Crinkle-cut fries

French fries are fried in a two step process: the first time is to cook the starch throughout the entire cut at a low heat, and the second time is to create the golden crispy exterior of the fry at a higher temperature. This is necessary because if the potato cuts are only fried once, the temperature would either be too hot, causing only the exterior to be cooked and not the inside, or not hot enough where the entire fry is cooked, but its crispy exterior will not develop. Although the potato cuts may be baked or steamed as a preparation method, this section will only focus on french fries made using frying oil. During the initial frying process (approximately 150 °C), water on the surface of the cuts evaporates off the surface and the water inside the cuts gets absorbed by the starch granules, causing them to swell and produce the fluffy interior of the fry. The starch granules are able to retain the water and expand due to gelatinization. The water and heat break the glycosidic linkages between amylopectin and amylose strands, allowing a new gel matrix to form via hydrogen bonds which aid in water retention. The moisture that gets trapped in between the gel matrix is responsible for the fluffy interior of the fry. The gelatinized starch molecules move towards the surface of the fries “forming a thick layer of gelatinised starch” and this layer of pre-gelatinized starch will turn into the crispy exterior after the potato cuts are fried for a second time. During the second frying process (approximately 180 °C), the remaining water on the surface of the cuts will evaporate and the gelatinized starch molecules that collected towards the potato surface are cooked again, forming the crispy exterior. The golden-brown color of the fry will develop when the amino acids and glucose on the exterior participate in a Maillard browning reaction.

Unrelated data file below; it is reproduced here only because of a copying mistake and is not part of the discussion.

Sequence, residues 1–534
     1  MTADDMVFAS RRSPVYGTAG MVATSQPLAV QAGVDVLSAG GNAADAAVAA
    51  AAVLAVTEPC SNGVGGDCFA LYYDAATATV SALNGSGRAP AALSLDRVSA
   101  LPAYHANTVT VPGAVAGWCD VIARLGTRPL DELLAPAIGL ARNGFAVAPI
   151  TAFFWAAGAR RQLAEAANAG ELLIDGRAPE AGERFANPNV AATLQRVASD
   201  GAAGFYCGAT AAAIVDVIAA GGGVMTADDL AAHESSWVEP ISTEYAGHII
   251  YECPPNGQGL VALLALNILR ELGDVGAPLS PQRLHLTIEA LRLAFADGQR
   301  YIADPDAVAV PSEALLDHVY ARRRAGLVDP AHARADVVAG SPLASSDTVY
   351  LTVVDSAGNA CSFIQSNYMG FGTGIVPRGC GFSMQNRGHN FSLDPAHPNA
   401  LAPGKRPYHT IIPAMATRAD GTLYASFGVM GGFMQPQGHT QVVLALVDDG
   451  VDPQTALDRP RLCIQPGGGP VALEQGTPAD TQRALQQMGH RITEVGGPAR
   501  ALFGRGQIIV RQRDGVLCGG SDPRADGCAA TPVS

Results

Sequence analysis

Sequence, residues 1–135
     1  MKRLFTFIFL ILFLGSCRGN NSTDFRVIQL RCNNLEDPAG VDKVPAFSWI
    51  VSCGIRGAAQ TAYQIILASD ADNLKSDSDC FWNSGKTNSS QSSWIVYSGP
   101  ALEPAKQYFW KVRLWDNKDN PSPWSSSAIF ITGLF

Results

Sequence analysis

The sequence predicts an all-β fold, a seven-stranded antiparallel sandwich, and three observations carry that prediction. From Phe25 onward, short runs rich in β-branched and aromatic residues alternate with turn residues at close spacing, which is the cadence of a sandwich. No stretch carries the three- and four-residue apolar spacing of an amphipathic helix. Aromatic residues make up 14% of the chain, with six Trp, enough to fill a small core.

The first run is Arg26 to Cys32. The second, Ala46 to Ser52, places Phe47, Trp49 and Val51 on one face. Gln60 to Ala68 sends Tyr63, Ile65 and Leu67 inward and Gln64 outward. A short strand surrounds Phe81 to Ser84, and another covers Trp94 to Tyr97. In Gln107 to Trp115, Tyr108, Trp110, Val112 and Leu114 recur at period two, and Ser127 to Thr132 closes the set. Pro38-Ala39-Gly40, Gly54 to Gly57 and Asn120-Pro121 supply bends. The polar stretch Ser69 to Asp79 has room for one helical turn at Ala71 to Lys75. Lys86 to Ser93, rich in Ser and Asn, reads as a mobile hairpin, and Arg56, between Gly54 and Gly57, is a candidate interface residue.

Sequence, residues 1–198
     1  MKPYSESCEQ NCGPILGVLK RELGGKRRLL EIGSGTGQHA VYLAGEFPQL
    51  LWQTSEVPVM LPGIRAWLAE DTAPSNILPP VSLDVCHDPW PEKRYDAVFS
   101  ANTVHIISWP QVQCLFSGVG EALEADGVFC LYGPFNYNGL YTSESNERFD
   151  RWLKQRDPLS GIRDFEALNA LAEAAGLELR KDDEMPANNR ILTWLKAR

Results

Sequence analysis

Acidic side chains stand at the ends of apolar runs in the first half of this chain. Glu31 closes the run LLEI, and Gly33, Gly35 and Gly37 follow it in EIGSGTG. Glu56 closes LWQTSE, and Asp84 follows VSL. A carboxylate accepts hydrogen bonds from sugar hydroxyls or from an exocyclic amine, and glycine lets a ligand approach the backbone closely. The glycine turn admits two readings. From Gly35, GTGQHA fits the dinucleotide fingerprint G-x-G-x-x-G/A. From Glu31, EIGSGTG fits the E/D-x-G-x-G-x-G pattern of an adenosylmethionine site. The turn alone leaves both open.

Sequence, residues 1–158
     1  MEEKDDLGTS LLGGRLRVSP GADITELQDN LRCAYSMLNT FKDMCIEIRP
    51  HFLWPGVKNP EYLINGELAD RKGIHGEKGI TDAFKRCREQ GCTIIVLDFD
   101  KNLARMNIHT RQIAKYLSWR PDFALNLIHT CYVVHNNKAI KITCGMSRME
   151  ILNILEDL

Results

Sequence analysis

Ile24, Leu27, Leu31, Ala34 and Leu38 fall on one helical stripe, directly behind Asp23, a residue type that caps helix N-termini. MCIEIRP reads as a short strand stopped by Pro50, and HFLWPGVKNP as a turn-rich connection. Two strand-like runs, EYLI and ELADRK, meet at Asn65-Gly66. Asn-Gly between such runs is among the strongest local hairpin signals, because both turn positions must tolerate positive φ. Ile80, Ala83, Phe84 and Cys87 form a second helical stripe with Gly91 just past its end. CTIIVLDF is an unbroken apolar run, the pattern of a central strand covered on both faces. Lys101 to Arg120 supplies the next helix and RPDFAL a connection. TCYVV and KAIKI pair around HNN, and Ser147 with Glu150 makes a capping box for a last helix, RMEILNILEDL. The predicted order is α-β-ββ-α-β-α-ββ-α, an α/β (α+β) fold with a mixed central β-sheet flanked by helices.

Although french fries were a popular dish in most British Commonwealth countries, the “thin style” french fries have been popularized worldwide in large part by the large American fast food chains such as McDonald’s, Burger King, and Wendy’s. In the United States, the J. R. Simplot Company is credited with successfully commercializing french fries in frozen form during the 1940s. Subsequently, in 1967, Ray Kroc of McDonald’s contracted the Simplot company to supply them with frozen fries, replacing fresh-cut potatoes. In 2004, 29% of the United States’ potato crop was used to make frozen fries – 90% consumed by the food services sector and 10% by retail. The United States is also known for supplying China with most of their french fries as 70% of China’s french fries are imported.

Waffle fries

Pre-made french fries have been available for home cooking since the 1960s, having been pre-fried (or sometimes baked), frozen and placed in a sealed plastic bag. Some varieties of french fries that appeared later have been battered and breaded, and many fast food chains in the U.S. dust the potatoes with kashi, dextrin, and other flavor coatings for crispier fries with particular tastes. French fries are one of the most popular dishes in the United States, commonly being served as a side dish to entrees and being seen in fast food restaurants. The average American eats around 30 pounds of french fries a year.

Fries tend to be served with a variety of accompaniments, such as salt and vinegar (malt, balsamic or white), pepper, Cajun seasoning, grated cheese, melted cheese, mushy peas, heated curry sauce, curry ketchup, hot sauce, relish, mustard, mayonnaise, bearnaise sauce, tartar sauce, chili, tzatziki, feta cheese, garlic sauce, fry sauce, butter, sour cream, ranch dressing, barbecue sauce, gravy, honey, aioli, brown sauce, ketchup, lemon juice, piccalilli, pickled cucumber, pickled gherkins, pickled onions or pickled eggs.

Grilling and Chilling, Happy Memorial Day!